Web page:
The DARPA Robotics Challenge, with Paul Oh
In this episode, Sabine Hauert interviews Paul Oh, the Director of the Drexel Autonomous Systems Lab at Drexel University. His team, spanning 10 universities, is competing in the DARPA Robotics Challenge (DRC) with the HUBO humanoid made by KAIST in South Korea. The goal of the challenge is to design robots capable of assisting humans in responding to natural and man-made disasters. Trials will take place next week in Florida from December 20-21 and will require robots to drive a vehicle, walk over rough terrain, clear debris, open doors, use a hand tool to break through a wall, climb a ladder, turn a valve, and finally drag a hose and connect it to pipes. The 7 HUBO robots on Oh’s team will be competing against sixteen other teams from around the world to determine which teams continues on to the DRC Finals in 2014 with continued DARPA funding. Competing in the 2014 Finals will lead to one team winning a $2 million prize.
The video below shows Oh’s vision for robot-enabled disaster response in 2020. You can find more videos of the HUBO working on tasks for the trials here.
Paul Oh is a Full Professor at Drexel’s Mechanical Engineering Department, Affiliated Faculty in the ECE Department, and Director of the Drexel Autonomous Systems Lab (DASL). He received mechanical engineering degrees from McGill (B.Eng 1989), Seoul National (M.Sc 1992), and Columbia (PhD 1999). Honors include faculty fellowships at NASA Jet Propulsion Lab (2002), Naval Research Lab (2003), the NSF CAREER award (2004), the SAE Ralph Teetor Award for Engineering Education Excellence (2005) and being named a Boeing Welliver Fellow (2006). He is also the Founding Chair of the IEEE Technical Committee on Aerial Robotics and UAVs. From 2008-2010, he served at the National Science Foundation (NSF) as the Program Director managing the robotics research portfolio. Paul Oh was named ASME Fellow in 2011.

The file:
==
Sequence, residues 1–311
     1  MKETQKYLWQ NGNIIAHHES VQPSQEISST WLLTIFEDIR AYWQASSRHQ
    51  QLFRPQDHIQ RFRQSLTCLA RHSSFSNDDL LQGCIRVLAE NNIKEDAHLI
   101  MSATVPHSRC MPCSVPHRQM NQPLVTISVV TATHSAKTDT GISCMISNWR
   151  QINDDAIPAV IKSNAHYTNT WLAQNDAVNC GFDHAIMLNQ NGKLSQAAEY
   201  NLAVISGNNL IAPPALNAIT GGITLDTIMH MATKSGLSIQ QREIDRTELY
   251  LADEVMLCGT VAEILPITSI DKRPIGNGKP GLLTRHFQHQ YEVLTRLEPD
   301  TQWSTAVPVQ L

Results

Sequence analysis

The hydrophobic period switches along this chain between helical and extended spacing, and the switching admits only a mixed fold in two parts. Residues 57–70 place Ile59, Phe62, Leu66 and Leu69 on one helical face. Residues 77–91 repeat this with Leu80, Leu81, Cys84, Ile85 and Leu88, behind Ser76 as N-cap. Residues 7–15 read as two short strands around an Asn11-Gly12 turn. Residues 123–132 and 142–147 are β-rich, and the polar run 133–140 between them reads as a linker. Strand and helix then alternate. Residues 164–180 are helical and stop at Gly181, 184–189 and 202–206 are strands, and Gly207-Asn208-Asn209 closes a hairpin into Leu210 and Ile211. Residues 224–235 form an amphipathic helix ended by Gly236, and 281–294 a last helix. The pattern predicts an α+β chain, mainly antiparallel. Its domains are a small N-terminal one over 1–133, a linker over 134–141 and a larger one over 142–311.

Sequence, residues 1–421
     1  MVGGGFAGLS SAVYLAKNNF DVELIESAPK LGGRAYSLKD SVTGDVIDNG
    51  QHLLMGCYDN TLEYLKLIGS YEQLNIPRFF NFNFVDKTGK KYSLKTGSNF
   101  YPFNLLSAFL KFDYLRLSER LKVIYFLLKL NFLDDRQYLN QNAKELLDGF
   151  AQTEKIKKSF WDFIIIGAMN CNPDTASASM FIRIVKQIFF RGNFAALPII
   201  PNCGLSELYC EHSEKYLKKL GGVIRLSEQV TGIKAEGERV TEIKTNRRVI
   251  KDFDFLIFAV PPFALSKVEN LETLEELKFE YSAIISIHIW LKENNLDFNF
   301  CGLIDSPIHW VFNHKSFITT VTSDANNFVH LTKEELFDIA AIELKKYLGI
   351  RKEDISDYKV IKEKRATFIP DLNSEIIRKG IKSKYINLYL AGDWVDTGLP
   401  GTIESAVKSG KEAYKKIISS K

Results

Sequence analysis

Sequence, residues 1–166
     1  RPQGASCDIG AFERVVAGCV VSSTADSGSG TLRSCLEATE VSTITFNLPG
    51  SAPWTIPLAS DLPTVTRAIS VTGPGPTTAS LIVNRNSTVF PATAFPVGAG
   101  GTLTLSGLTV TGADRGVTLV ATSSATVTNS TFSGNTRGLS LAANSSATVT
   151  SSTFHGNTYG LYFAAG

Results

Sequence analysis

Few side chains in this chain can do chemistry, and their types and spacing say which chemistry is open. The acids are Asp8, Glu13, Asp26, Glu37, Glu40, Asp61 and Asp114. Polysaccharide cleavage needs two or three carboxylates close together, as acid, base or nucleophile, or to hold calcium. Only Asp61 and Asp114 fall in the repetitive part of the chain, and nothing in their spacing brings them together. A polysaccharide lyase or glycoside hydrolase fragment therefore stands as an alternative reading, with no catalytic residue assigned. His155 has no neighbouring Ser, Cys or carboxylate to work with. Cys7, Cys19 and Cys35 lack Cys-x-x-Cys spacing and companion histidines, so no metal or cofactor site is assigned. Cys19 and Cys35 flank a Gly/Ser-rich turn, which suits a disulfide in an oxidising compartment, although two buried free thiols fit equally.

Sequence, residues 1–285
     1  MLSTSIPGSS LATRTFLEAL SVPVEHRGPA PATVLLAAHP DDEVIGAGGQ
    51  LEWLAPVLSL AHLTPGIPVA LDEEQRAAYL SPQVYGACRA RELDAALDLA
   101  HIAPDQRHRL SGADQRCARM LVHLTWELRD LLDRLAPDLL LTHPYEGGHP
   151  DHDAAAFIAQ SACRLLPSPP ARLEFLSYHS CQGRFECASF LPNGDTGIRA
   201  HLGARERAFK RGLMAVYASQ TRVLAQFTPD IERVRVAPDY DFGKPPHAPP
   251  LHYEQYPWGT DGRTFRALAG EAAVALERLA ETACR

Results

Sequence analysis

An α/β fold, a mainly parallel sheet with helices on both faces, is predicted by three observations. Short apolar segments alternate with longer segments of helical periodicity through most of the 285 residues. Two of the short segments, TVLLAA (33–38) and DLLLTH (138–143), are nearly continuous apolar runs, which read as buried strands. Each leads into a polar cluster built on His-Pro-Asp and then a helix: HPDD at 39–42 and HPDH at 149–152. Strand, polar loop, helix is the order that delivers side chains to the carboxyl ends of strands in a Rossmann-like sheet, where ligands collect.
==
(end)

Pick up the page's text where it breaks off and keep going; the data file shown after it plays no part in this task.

Robohub Podcast is a non-profit robotics podcast where we interview experts in robotics, including researchers, entrepreneurs, policy makers, and venture capitalists. Our interviewers are researchers, entrepreneurs, and engineers involved in robotics. Our interviews are technical and, often, get into the details of what we are discussing, but we make an effort to have our interviews understandable to a general audience.